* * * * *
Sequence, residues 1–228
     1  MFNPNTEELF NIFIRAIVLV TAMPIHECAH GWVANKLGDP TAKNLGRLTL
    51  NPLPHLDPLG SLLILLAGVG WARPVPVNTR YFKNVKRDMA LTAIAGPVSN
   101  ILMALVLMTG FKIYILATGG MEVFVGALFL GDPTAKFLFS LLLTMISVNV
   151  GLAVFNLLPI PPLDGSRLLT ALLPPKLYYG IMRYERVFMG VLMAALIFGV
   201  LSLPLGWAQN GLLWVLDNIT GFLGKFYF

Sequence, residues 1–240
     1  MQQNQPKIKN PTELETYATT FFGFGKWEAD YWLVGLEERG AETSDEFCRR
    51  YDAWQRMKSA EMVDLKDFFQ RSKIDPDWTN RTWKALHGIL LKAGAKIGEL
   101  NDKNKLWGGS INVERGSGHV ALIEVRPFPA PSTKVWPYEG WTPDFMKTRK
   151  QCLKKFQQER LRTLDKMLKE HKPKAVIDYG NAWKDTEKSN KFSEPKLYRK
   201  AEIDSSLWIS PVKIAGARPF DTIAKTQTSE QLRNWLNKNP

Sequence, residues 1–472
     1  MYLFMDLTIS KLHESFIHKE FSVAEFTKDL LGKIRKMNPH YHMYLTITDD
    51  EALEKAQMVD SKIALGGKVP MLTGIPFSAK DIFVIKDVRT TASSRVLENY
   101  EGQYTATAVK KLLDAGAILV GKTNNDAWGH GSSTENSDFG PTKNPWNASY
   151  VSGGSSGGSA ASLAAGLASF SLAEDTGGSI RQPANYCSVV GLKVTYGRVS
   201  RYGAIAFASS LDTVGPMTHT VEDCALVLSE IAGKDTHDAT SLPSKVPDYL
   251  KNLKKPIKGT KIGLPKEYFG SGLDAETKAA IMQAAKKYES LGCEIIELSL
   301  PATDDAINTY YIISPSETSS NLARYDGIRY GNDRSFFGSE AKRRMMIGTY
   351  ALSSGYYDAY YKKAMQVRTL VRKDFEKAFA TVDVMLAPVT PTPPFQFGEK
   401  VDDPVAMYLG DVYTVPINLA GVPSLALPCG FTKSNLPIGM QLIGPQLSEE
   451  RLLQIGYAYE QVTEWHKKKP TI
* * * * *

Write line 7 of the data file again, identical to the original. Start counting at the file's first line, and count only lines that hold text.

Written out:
Sequence, residues 1–240